Kendall Dean project nears completion, but questions abound

Kendall Dean project nears completion, but questions abound

NORTH SMITHFIELD – It’s been five years since voters approved a $5.2 million bond to renovate the former Kendall Dean School building, Memorial Town Hall and Municipal Annex.

Now, more than a year after breaking ground, the town is nearing the finish line on the first part of that project, the renovation of Kendall Dean School into a new town hall. According to Paul Vadenais, Town Council president and a member of the Municipal Buildings Review Task Force overseeing the project, the contractor is now finishing up some major parts of the building, with the whole project expected to be complete sometime after the first of the year.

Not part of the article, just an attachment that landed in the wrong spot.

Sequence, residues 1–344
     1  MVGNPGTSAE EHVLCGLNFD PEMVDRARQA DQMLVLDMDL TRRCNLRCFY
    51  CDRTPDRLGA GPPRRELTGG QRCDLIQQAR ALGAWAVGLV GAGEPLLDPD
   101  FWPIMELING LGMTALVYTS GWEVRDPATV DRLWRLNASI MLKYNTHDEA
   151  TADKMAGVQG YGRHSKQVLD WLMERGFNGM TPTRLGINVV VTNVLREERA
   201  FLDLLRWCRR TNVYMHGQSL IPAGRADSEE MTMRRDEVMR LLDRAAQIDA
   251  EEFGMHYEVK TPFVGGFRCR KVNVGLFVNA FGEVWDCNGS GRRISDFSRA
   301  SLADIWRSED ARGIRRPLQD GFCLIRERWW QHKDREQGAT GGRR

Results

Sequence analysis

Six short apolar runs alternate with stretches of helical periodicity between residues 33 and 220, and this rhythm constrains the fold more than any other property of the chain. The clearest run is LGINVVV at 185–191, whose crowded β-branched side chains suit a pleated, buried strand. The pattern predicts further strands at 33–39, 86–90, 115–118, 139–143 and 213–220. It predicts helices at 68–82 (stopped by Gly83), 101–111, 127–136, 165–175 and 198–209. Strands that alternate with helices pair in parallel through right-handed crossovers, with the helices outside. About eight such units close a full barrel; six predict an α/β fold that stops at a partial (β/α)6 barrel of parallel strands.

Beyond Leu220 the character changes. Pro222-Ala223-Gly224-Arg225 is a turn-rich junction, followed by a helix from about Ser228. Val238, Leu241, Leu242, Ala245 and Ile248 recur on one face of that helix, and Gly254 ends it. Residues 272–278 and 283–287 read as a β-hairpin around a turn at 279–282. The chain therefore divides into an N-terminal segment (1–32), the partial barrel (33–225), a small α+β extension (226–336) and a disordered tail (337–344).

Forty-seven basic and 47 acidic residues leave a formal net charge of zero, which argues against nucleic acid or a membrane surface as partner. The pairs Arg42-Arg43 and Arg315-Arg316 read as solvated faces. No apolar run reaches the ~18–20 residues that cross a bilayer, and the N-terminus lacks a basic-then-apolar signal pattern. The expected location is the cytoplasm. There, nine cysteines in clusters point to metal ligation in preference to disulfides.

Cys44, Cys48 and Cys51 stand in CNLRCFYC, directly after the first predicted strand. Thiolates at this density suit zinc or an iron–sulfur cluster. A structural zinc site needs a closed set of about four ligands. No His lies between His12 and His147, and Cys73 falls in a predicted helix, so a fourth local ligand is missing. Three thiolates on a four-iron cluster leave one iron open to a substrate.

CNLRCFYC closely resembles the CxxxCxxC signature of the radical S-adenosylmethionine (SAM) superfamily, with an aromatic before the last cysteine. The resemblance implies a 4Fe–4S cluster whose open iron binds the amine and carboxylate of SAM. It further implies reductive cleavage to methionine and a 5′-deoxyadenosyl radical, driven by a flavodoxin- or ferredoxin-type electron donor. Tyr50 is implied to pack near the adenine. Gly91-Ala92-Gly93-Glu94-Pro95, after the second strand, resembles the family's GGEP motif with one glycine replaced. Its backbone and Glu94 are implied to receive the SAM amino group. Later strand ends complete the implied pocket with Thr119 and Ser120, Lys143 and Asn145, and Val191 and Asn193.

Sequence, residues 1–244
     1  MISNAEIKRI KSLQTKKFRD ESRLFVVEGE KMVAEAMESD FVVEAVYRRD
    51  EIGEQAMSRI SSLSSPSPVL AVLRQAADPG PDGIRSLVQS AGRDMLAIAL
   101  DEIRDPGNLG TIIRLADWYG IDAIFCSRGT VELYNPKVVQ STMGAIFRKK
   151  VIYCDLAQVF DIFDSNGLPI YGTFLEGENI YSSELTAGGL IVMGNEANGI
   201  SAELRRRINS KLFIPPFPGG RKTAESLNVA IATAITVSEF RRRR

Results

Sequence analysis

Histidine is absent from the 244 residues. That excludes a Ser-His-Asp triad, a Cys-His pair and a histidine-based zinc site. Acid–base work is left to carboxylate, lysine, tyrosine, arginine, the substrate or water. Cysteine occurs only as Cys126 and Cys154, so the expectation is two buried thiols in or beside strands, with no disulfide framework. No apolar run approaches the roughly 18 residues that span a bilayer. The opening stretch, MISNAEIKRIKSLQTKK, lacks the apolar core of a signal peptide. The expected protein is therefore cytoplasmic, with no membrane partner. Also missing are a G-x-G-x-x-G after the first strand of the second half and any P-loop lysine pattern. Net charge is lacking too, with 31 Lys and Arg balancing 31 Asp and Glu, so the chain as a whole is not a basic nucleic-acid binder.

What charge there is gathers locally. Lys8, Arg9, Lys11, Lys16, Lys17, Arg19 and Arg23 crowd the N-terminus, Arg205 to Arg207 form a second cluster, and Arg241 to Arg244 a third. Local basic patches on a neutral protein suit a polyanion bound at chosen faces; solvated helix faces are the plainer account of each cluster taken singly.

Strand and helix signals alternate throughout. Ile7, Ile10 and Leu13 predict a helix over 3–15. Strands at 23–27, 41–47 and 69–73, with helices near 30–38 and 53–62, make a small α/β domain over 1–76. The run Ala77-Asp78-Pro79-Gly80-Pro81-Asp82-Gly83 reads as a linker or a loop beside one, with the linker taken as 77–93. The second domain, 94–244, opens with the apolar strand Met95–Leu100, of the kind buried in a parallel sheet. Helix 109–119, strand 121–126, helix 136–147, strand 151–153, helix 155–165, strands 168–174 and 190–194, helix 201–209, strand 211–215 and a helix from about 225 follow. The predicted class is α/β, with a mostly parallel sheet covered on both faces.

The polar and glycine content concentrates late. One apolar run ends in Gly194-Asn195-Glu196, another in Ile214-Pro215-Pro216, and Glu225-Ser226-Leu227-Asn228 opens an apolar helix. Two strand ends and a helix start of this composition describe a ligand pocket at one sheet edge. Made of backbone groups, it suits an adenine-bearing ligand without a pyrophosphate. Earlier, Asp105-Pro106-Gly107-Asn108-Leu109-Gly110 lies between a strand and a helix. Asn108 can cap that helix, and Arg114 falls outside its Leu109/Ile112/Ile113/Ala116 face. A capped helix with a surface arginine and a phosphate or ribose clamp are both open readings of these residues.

“They’re buttoning up a lot of stuff now, and they’re working their way down from the second floor to the first floor to the basement,” he said.

However, not everyone is thrilled with the result. From the beginning, the project has been fraught with delays and mistaken estimates, making it a target for residents frustrated with the lack of progress and what some see as a lack of transparency. In recent years, its most vocal critics have included Michael Clifford, a frequent critic of the Municipal Buildings Review Task Force, and former Town Council President John Flaherty, who served on a previous committee overseeing the project.